But first, some specifics. I want buyers to have some skin in the game. I want it to hurt them if they do not do what they say they are going to do. I want them to move Heaven and Earth to do what they need to so they do not risk their deposit. I don’t want to take their deposit money from them; I just want them to make the payments the way we agree upon. It costs money and time to foreclose. While I am prepared to take that step if need be, I always want to do anything I can to avoid that step in the first place.
Owner terms are a very good selling point with many buyers and I like to be able to offer it when I can. Usually owners don’t consider this or their lawyer warns them off. The lawyer’s job is to protect their client and many are more willing to see their client take longer to sell or to accept a lower price than they are have them hold terms. Buyers often like owner terms: it is quick, more sure, and it may be cheaper. Lots of advantages to them and they may be willing to pay more than they otherwise would in order to get any given property. The disavantage to a buyer is primarily one - if they need money in the future, they can’t get it from the old owner. They can get it from a bank, but the bank will want a mortgage to protect their investment - which means you might get paid off far quicker than either of you riginally expected. There may be signifcant tax advantages to you to offer terms, so be sure to involve your accountant in the discussion. I am alway willing to meet with you and anyone on your team of advisors.
With $400000 down as an example, that is an amount no one is likely to just walk away from if things start to go wrong. You can expect they’ll do whatever they need to do to protect that investment. Also, anyone with that much money cannot be too stupid or lazy or naive. You have to have something on the ball to get that much together. Look also for some icing on the cake: anything that gives a buyer additional repayment capability.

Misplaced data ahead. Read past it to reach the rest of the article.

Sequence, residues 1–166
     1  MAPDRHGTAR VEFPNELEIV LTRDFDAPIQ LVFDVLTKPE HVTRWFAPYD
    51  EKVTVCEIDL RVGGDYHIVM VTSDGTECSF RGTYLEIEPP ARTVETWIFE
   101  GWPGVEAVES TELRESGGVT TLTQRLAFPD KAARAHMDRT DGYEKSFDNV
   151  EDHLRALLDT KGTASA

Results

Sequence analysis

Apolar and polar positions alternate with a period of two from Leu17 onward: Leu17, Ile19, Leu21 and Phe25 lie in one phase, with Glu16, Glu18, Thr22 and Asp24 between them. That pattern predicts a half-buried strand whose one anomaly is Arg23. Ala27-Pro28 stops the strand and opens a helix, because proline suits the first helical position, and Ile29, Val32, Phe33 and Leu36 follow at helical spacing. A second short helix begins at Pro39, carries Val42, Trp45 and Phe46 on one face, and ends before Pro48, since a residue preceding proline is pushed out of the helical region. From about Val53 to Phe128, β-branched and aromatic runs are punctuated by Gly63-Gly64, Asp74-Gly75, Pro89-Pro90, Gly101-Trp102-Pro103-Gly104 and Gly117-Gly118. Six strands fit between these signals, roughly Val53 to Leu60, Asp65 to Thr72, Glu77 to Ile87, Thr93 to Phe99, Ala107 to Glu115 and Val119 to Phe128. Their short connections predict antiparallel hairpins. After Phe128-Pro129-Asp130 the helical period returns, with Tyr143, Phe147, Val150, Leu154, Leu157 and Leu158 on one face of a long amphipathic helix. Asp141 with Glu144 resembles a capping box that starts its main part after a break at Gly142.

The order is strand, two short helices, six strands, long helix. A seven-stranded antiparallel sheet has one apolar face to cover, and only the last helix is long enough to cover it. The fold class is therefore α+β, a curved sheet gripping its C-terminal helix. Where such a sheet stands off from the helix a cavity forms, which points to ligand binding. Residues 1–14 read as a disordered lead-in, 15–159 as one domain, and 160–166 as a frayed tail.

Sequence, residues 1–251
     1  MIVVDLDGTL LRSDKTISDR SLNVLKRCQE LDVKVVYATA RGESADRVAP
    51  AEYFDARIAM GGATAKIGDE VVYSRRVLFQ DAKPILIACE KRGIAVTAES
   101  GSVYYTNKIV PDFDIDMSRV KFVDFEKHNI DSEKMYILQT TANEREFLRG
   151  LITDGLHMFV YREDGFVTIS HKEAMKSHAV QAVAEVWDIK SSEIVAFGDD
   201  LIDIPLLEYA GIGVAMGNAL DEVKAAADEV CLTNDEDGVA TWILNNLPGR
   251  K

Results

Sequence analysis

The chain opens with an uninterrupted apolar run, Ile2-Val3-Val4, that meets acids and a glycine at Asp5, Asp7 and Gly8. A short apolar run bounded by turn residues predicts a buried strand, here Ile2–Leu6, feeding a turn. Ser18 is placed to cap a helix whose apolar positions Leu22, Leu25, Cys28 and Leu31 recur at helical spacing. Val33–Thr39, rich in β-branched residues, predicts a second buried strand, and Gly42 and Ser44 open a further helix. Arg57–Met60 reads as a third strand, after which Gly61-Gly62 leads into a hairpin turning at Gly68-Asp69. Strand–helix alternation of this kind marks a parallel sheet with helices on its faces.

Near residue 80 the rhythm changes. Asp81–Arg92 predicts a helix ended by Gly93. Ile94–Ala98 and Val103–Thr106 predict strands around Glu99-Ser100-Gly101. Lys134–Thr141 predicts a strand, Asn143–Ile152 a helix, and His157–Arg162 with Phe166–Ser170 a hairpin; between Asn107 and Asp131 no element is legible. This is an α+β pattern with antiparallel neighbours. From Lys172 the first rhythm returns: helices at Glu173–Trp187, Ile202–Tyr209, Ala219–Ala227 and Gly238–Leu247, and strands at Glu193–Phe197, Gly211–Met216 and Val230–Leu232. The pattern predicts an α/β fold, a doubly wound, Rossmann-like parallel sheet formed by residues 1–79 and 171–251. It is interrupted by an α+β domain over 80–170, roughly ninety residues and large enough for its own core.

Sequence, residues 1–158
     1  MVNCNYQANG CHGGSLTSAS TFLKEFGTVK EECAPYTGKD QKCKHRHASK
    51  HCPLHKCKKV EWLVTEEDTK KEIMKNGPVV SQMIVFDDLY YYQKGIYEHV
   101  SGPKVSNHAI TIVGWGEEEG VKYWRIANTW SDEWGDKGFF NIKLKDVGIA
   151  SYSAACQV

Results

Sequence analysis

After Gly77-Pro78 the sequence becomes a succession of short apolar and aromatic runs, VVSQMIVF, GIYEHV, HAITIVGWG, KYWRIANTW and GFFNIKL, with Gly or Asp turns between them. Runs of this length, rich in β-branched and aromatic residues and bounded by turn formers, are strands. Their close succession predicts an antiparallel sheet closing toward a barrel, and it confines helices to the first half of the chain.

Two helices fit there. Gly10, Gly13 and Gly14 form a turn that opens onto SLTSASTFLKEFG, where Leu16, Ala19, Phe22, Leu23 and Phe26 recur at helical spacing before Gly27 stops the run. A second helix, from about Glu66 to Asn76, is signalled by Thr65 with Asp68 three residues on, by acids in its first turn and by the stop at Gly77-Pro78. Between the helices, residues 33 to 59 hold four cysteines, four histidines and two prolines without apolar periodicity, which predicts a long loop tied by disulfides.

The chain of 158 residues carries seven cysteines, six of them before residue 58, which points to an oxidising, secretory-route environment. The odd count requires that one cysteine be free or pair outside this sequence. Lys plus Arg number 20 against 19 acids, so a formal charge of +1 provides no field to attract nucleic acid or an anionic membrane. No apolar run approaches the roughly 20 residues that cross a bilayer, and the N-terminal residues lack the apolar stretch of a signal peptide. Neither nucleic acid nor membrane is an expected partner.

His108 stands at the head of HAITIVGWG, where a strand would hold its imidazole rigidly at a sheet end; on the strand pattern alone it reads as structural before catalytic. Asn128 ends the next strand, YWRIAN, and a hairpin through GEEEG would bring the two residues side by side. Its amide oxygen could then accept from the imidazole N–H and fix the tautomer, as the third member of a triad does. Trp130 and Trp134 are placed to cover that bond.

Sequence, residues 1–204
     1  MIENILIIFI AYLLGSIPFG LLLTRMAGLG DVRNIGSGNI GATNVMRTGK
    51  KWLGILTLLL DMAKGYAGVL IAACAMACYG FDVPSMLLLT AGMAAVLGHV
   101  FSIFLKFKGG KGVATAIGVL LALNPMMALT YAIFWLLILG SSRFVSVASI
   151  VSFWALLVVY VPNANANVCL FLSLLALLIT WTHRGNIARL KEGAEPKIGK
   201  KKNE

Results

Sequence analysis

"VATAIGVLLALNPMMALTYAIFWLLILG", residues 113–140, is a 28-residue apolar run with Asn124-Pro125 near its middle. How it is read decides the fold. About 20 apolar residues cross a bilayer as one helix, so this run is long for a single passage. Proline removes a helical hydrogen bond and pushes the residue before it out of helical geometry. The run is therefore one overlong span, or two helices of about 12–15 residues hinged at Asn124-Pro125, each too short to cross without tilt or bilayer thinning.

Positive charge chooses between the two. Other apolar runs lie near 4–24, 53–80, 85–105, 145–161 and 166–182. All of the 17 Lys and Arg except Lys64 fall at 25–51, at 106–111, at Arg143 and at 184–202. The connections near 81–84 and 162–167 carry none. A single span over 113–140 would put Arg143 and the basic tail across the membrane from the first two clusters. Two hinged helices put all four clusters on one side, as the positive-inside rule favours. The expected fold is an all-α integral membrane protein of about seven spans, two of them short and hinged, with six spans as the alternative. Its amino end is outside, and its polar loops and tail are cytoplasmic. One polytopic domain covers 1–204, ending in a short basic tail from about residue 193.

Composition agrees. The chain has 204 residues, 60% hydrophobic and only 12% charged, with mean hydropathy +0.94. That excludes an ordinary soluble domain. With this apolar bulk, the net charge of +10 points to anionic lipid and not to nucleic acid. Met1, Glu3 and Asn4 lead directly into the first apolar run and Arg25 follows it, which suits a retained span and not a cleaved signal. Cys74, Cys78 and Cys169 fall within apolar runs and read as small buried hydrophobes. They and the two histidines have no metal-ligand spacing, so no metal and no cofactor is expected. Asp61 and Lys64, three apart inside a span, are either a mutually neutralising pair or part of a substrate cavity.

Be sure if you offer terms that you like the person and feel comfortable with them as you will have just entered into a business relationship with them, one that will last some years.
How can you have your cake and eat it too? You may not be able to do that, but here are ideas. Remember, the buyer has to go along with them too.
- You can keep the title in your name, which means there is no foreclosure if things go wrong. But it’s not that simple, as the buyer will have gained an “equity stake” in the property. Lawyers differ on how they view that. Regardless, you will still have to pay the real estate taxes as it will still be in your name. Maybe you can get reimbursement from the buyer. Also, maybe the tax bill will be higher this way.
- At the closing, you can get a deed back to you from the buyer. This would be kept in escrow by your attorney and filed only if the buyer defaulted. So if he defaults (and we define that so there is no question), he suddenly no longer owns it, you do. You still have to evict him if he does not go quietly, but that is far cheaper and far quicker than foreclosure, no comparison. You may find that lawyers differ on the effectiveness of this strategy.
- You may have several components to the sale: real estate (perhaps mulltiple parcels), livestock (milkiing age, bred heifers, and so on down), machinery, and feed. The down payment could be used to purchase some or all of these, giving the buyer full ownership of them, and giving you less down on the real estate and also less headaches worrying about why might happen to the livestock or the machinery. Regardless of how this is handled, I would not recommend a long term owner-held mortgage on items that are more transient (chattels and feed). On real estate, I don’t have such a problem and will feel more confidant on a long term loan.
- Remember, it’s got to work for both parties. You have to have enough down to protect your investment and to enable you to pay your bills and do what you need with the proceeds. The buyer has to be able to make the payments even when things go wrong and have enough left over to meet their family needs and hopefully grow the business.
- If you are asked to contribute work or consulting, that can take away from time you might spend doing something else you’d rather do, but it also ensures that you know what is going on and you can take steps earlier to protect your continued investment.